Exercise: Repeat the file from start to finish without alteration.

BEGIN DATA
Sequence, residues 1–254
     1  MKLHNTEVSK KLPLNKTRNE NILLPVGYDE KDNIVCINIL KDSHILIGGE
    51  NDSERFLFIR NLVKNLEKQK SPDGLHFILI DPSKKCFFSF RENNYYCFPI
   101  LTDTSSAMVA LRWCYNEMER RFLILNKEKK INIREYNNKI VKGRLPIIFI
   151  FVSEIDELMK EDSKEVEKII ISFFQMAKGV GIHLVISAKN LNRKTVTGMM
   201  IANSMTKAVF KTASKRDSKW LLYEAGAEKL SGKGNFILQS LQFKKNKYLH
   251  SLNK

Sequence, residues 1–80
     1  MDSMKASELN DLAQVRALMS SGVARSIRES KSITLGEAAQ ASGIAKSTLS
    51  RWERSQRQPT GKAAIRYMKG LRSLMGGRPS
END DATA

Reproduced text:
Sequence, residues 1–254
     1  MKLHNTEVSK KLPLNKTRNE NILLPVGYDE KDNIVCINIL KDSHILIGGE
    51  NDSERFLFIR NLVKNLEKQK SPDGLHFILI DPSKKCFFSF RENNYYCFPI
   101  LTDTSSAMVA LRWCYNEMER RFLILNKEKK INIREYNNKI VKGRLPIIFI
   151  FVSEIDELMK EDSKEVEKII ISFFQMAKGV GIHLVISAKN LNRKTVTGMM
   201  IANSMTKAVF KTASKRDSKW LLYEAGAEKL SGKGNFILQS LQFKKNKYLH
   251  SLNK

Sequence, residues 1–80
     1  MDSMKASELN DLAQVRALMS SGVARSIRES KSITLGEAAQ ASGIAKSTLS
    51  RWERSQRQPT GKAAIRYMKG LRSLMGGRPS